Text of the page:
‘In Search of the Divine’: Where Sufism’s syncretic legacy meets author Rana Safvi’s personal faith
A combination of information, insights, and inspiration.
“Ye ishq ne dekha hai, ye aql se pinhan hai…”
“It is revealed to love, reason can’t see it…”
The opening line of this ghazal by 19th century poet Asghar Gondvi is perhaps an apt encapsulation of the essence of Sufism, for this mystical path of Islam is, after all, a path of the heart. Overtly different from the jurisprudential face of Islam, which seems to be all about strict adherence to the shariah, Sufism is languid and fluid.
A great stream of traditions big and small, Sufism has flowed through the Indian subcontinent for centuries, bringing all manner of people into its fold. In her latest book, In Search of the Divine: Living Histories of Sufism in India, Rana Safvi takes a close look at this esoteric clutch of Islamic beliefs and practices, also known as Tasawwuf.
Safvi is a prolific writer, having close to a dozen books to her name, many of them being on historical and Islamic themes. Safvi plays to her strengths in this book too, examining Sufism from the point of view of history and Islam. However, what is special about this endeavour is that she weaves in elements of her personal faith, allowing her readers a glimpse of the person that she is.
The seed and the sowing
At more than 400 pages, In Search of the Divine is a sizeable volume divided into 19 main chapters and four ancillary sections. The 19 chapters are classified into two broad categories, with the first being ‘Islam and Sufism’, and the second being dedicated to ‘Saints and Silsilahs’.
In the first section, comprising three chapters, Safvi lays the historical groundwork for Sufism, which shares an essential overlap with the history of Islam. In chapter two, in particular, Safvi offers a lucid account of the Shia-Sunni schism and consequent sectarian developments, useful – especially to non-Muslim readers – for laying out the context.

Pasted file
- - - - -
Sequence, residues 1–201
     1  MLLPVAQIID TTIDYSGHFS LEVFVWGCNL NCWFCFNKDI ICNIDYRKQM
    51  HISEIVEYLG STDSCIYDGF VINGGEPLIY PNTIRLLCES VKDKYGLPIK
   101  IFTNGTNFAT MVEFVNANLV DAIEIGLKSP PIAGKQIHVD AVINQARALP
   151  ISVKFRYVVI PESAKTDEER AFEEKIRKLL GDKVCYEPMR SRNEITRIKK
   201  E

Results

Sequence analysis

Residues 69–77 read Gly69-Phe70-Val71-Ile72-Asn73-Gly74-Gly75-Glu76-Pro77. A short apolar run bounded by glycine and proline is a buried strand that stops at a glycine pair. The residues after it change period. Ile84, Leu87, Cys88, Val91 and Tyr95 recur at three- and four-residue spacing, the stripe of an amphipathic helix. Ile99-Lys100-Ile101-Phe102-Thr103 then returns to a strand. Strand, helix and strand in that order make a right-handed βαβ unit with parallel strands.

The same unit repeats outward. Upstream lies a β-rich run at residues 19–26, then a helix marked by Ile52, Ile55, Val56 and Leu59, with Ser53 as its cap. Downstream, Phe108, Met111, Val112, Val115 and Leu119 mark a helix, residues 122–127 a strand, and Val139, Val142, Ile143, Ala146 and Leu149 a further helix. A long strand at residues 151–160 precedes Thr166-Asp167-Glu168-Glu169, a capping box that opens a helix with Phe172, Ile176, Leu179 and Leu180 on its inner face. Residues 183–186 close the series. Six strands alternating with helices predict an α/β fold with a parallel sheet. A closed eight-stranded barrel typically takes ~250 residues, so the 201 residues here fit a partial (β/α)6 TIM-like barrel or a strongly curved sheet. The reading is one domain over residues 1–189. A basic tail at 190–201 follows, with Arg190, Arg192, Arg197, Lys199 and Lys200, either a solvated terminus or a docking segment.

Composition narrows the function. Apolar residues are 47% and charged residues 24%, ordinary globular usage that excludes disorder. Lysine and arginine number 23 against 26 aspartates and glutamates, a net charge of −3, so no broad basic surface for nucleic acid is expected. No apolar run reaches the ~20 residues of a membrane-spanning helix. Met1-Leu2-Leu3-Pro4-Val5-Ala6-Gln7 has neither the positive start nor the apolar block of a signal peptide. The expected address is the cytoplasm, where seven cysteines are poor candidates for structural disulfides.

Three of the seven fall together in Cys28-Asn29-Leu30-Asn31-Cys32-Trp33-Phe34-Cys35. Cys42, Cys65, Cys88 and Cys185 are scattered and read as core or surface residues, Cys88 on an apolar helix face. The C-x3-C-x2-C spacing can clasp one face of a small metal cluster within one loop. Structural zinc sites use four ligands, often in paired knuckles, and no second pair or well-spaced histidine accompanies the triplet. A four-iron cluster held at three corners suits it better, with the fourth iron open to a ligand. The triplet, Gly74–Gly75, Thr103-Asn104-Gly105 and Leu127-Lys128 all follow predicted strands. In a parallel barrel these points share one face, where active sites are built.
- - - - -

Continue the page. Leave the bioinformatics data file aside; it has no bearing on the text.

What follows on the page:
In these initial chapters Safvi also emphasises Sufism’s strong connection with Islam, seeking to dispel the notion often perpetuated by staunch traditionalists that it is un-Islamic. This notion exists on account of the joyous practices of music and dance adopted by many Sufis – things that are considered by many believers to be haraam or forbidden.
However, Safvi reiterates that among believers in Sufism, the Prophet Mohammed is considered the inspiration for all Sufi practices. Similarly, members of the Prophet’s family, the Ahl al-Bait, are considered to have exemplary virtues by Sufis and Muslim believers alike. The Shia sect, in particular, shares a strong connect with the Sufis on account of many early persecuted Shia Imams and practitioners seeking refuge in Sufism.
Safvi traces the beginnings and trajectory of Sufism as a distinctive movement, especially in the third chapter. From a brief account of Abu Hisham of Kufa, who is recognised as the first Sufi, to the female Sufi saint, Rabia al-Basri, who introduced the concept of ecstatic love, the author plots many firsts in the story of Sufism. She writes on how Sufism started as a practice of extreme asceticism, and slowly gave way to mysticism.
Sufism made its way into India along with the early Arab traders around the 7th and 8th centuries CE, but found its footing only when the Chisti and Qadiriya silsilahs flourished under the patronage of the Sultanate rulers, and, later, when the Mughals patronised the Naqshbandi and Suhrawardi silsilahs. Safi highlights how the pertinent growth of Sufism is often ignored when the growth of Islam in India is discussed. It is a continuation of the problematic colonial framing, in which Orientalists “consistently projected ‘Muslim India’ of 1000-1700 CE as a period of oppression and fanaticism from which colonial rule had finally liberated the grateful Hindus.”
Where Sufism is spoken of, only its syncretic side is put on the table. Safvi objects to that kind of oversimplification too, reminding the reader that the formation of the dargah and khanqah culture in India was also a long and complex process, and that it came with its share of ‘assent and conflict’. But the greatest contribution of these spiritual centres was undoubtedly the way in which they doubled as social centres, becoming a melting pot for India’s multitudinous cultures.
The watering and the blooming
Through the subsequent section on ‘Saints and Silsilahs’ comprising chapters four through 19, Safvi continually points to political nuance where necessary. But it is clear to see that her heart lies in the spirit of the matter. The spiritual aspects of Sufism also make for compelling reading, given how Sufism in India has such charming and often surprising syncretic traditions.
One may read of a Sufi hymn invoking Krishna somewhere, and elsewhere, one may find an account of a Sufi festival that mimics the Hindu Holi. In fact, the success of Sufism in India is owed to its egalitarian approach, which borrowed liberally from Hinduism, and was thereby embraced liberally by Hindus.